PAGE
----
I Loff My Quarter Horse & I love Fenway Bartholomule cliques

    Just somebody with a positive outlook on life...go ahead...hate me for that.



  14. #74
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    Yes I DO like it!! See? I TOLD you to come on over here!! Plenty of fodder as you get the programs up and running...Lori T needs to come as well, as she gets her program going.

    Now we can start networking!!
    www.specialhorses.org
    a 501(c)3 organization helping 501(c)3 equine rescues




  15. #75
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    Happy to help get somethng uber-cool on its way! Make sure to keep us updated.

    If you google the quote and use Google Images, you'll get some great results to help with defining logos, promo materials, etc. (That's what I had to do to find the proper spellling for the attribution, and I just wandered through some of the results while I was there).



  16. #76
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    Talking some ideas!

    Quote Originally Posted by dressagediosa View Post
    This is a really timely conversation, as I've just started teaching a young woman with some MS-related issues. So here's another question - where should a professional interested in learning more about coaching disabled riders look? I've got several friends who ride with Missy and Jessica, and I've done a little coaching of riders with different physical issues, but I've never had any formal training in it.

    I want to be the best coach I can for this young lady, and for any others that might come my way, but not sure where to turn. Any pros out there have some thoughts? TIA!

    And good on all of you for keeping in the saddle!
    I cannot tell you where to learn more about teaching the disabled. I am not a pro, but I may be of some help. I have neuropathy which may be a result of primary progressive MS...long story and of no importance here.

    Here is what I look for in a trainer:
    -I want someone who is not unapproachable, but is a "high end" trainer. I have the desire to learn just as much as an able bodied rider.

    -If you have a good school horse, offer lunge lessons. I have issues with my legs and left arm/hand. Good lunge lessons help people with their seats. This is of huge importance when a rider has leg weakness and or numbness. If you have your seat, you can do a lot.

    -If you have a good schoolmaster, teach your student how to "push the buttons" to get the movements. You may have to be very hands on and place the student's legs where they need to be. Help the student find methods to get her legs where they need to go to "push the buttons".

    -I think each disabled student is different and will require you to change your teaching style. Sometimes, you may just have to improvise.

    -Understand that if you are telling the student to use more inside rein and outside leg, but there is no difference, it is not because the student is not listening or trying, it is because the rider might not be able do it.

    -Remember the para/disabled student is a tenacious person who is fighting the odds for the love of riding. While the student might not progress as quickly as other students, take into account that your para student is just as, if not more, dedicated to riding. We face pain and frustration just to get around on our legs.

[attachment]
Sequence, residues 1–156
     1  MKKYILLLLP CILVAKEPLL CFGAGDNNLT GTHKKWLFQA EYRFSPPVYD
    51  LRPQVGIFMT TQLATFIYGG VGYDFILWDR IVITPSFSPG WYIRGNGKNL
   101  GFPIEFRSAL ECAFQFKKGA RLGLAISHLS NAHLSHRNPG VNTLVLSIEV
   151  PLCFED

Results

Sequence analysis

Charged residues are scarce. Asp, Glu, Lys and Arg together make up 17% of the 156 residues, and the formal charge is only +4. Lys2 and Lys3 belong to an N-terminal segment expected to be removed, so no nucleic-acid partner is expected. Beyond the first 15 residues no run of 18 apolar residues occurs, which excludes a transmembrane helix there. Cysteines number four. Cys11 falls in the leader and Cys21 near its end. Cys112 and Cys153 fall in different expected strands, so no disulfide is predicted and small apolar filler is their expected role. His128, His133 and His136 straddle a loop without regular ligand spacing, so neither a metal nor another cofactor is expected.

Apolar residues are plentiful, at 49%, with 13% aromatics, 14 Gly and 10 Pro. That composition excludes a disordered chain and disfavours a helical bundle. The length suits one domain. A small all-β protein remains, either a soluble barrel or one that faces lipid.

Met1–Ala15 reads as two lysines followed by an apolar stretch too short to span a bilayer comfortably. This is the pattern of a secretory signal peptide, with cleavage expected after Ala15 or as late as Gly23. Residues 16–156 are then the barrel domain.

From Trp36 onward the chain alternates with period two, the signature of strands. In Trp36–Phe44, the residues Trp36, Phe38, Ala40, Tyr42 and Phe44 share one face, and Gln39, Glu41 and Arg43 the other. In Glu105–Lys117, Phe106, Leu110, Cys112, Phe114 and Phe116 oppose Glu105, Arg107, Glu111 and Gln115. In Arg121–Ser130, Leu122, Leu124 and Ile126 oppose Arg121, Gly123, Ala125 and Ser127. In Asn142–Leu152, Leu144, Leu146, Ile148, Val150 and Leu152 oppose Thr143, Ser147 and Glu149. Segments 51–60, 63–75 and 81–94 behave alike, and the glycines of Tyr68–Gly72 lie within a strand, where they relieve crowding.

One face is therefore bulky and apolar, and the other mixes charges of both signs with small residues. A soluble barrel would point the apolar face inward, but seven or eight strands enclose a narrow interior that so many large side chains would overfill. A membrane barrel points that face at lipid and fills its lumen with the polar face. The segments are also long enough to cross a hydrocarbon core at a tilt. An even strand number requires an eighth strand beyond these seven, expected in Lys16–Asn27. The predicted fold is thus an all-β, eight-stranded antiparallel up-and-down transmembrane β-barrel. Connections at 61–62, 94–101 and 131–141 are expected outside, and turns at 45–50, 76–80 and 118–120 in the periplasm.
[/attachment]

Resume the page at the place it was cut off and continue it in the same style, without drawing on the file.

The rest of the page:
-If your area offers para shows, be willing to go and coach your student if needed.

    -Empathize, but don't coddle.

    -If you do have a schoolmaster, provide a comfortable saddle and a bucking/grab strap.

    It sounds as though you are willing to work with para type riders. I commend you for that. I can see where it would be frustrating in some instances, but people who are willing to ride through pain and lack of movement are indeed serious riders. If you are truly interested in teaching riders of all types, you will be a great asset to the dressage community.

    I hope my rambling on was of some help to you. Best of luck!



  17. #77
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    Invite - not rambling. What you said is true for all serious riders. It should be a mantra.
    www.specialhorses.org
    a 501(c)3 organization helping 501(c)3 equine rescues




  18. #78
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    Thumbs up

    well said, Invite!



  19. #79
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    Amen Invite! I've had trainers on both ends of the spectrum, when I was a junior I had those who were too afraid to let me do anything, and as a result I got really frusterated. Then, the trainer prior to the one I have right now, which prompted my switch from hunters to dressage, thought my communicating my need to take things slow with a horse that was new to me was back talk and disrespectful to her. Her words to me were "I don't understand why you are doing this". With my Cerebal Palsy I was lucky to compete at 2'6, I never would have made to the AAs or the AOs, but I just love to ride. I also love to show, I'm a sucker for the all the tradition and pomp and I enjoy the challege, even if I am not competing at the upper eccelsons. I am really lucky in my current trainer, in that she gets that I like to pushed, but she also listens to me when I tell her something isn't working for me. She also gets that even though Werther can do I-1, she doesn't think he is "wasted" on me doing training level, I really feel my old trainer felt my horse was wasted on me, because Werther is a talented jumper, and I couldn't ride up to his level so to speak.



  20. #80
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    I think the best is when you have a trainer that doesn't focus on what you can't do, but helps you explore all the things that you could do.
    www.specialhorses.org
    a 501(c)3 organization helping 501(c)3 equine rescues